Learning Guitar on GarageBand - What to buy starting from nothing?

Discussion in 'Mac Apps and Mac App Store' started by JoelMarcey, Jul 25, 2010.

  1. JoelMarcey macrumors 6502

    JoelMarcey

    Joined:
    Jun 9, 2009
    Location:
    Northern California
    #1
    First, I admit I have never really touched a real guitar in my life (obviously a Rock Band guitar does not count). But since I just got my new 27" iMac, I came to the realization that learning guitar with GarageBand might actually be pretty interesting.

    So, what is the minimum buying requirements in order to start learning guitar when you are starting with nothing (other than GarageBand itself, of course).

    Here is what I think I need at a minimum, but I want to make sure:

    • Acoustic Electric OR Electric guitar. A regular acoustic guitar won't work because it does not have a line output (is that correct?). I have seen some acoustic electric guitars on eBay for less than $100. What do I need to make sure the Guitar comes with before buying? [By the way, I have my eye on one acoustic electric guitar that comes with an Active Pickup ... is active pickup necessary?]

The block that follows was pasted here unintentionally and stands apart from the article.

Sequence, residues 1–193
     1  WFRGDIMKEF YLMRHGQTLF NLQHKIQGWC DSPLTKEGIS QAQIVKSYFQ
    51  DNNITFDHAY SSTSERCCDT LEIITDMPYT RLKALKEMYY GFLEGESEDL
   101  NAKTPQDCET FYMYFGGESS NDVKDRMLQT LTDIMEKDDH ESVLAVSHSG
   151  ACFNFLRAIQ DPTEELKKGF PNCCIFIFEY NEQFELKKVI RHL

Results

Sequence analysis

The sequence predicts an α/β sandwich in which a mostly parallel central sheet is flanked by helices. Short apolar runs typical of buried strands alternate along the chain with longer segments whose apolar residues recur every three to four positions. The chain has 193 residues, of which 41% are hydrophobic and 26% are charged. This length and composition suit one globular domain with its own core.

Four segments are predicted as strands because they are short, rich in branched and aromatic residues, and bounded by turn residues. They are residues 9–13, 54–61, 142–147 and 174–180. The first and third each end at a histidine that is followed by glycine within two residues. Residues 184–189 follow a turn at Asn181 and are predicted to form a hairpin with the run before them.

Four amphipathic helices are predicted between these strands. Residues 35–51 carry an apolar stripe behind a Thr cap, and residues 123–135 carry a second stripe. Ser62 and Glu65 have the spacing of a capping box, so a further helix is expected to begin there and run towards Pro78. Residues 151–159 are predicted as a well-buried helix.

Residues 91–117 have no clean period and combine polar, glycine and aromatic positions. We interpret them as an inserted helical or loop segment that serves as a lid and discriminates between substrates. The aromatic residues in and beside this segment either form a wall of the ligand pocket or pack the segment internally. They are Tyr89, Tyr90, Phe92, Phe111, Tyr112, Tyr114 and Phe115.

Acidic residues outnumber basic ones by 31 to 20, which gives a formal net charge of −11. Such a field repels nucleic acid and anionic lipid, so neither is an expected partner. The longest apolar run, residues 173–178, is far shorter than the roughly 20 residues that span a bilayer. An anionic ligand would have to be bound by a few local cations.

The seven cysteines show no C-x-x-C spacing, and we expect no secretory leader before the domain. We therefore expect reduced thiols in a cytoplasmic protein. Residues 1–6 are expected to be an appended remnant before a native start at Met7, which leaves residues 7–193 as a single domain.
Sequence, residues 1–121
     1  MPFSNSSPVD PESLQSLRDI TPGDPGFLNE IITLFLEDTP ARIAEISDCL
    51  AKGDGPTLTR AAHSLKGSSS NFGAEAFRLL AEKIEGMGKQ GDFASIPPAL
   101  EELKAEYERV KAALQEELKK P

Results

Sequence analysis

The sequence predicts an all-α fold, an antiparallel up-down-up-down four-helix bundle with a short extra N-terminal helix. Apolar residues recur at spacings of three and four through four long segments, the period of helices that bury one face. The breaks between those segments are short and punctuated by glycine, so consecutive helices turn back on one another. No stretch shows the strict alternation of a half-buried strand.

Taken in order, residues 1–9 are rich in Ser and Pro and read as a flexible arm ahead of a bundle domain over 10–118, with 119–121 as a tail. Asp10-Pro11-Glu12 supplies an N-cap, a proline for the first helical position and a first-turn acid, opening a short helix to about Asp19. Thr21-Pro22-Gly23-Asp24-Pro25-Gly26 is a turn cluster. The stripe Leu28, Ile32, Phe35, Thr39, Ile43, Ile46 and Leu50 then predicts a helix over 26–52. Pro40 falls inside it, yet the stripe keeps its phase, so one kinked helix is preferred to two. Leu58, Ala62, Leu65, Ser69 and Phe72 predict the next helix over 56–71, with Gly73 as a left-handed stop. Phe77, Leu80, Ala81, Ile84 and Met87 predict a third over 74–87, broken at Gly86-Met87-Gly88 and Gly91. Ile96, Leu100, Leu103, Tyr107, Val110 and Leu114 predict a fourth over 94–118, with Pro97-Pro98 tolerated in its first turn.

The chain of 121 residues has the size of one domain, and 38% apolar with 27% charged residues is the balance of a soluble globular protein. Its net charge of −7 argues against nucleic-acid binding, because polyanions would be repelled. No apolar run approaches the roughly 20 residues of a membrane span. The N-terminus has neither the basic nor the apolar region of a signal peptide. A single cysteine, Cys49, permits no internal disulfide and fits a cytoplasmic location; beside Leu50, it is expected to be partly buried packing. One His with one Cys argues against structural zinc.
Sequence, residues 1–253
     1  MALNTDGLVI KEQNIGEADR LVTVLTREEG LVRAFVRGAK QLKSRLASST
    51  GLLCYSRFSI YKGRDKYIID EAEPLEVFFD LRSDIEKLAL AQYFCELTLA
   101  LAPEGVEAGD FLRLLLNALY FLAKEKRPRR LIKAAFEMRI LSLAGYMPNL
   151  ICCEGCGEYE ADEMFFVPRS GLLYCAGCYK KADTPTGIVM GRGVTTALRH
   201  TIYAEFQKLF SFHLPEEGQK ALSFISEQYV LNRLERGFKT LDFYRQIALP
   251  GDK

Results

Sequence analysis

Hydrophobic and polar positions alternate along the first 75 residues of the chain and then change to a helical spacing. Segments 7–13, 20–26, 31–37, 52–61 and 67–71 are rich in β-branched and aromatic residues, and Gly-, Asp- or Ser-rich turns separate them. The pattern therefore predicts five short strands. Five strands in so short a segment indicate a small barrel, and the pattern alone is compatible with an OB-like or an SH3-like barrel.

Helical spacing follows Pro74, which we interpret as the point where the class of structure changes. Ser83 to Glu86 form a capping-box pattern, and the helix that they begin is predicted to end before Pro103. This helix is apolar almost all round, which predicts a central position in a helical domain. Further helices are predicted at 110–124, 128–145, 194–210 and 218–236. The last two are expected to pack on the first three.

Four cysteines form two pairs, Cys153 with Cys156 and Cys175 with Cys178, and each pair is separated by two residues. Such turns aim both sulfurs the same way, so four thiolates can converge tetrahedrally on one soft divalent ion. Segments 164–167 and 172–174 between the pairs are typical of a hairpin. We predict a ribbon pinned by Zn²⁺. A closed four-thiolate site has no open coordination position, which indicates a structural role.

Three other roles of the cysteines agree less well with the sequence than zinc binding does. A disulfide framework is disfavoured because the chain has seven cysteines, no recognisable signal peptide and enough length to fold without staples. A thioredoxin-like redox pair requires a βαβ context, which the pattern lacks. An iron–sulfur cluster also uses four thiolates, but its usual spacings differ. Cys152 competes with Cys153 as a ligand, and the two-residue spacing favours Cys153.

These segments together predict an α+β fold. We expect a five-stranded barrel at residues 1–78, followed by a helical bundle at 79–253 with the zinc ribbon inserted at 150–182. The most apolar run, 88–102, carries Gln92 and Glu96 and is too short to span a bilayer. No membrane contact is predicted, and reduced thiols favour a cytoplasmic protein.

• 1/4" to 1/8" adapater

    Here are some extras that might be nice for better tone, but are not required:

    • USB or Firewire Audio Interface. I think I have seen I can get one of these for $50-$100
    • A microphone to connect to the audio interface
    • An amplifier

    I was thinking of starting with the minimum requirements (assuming what I listed is the minimum) and if I decide I enjoy this, go for the extras I listed.

    Do I have this all correct?
     
  2. GoKyu macrumors 65816

    GoKyu

    Joined: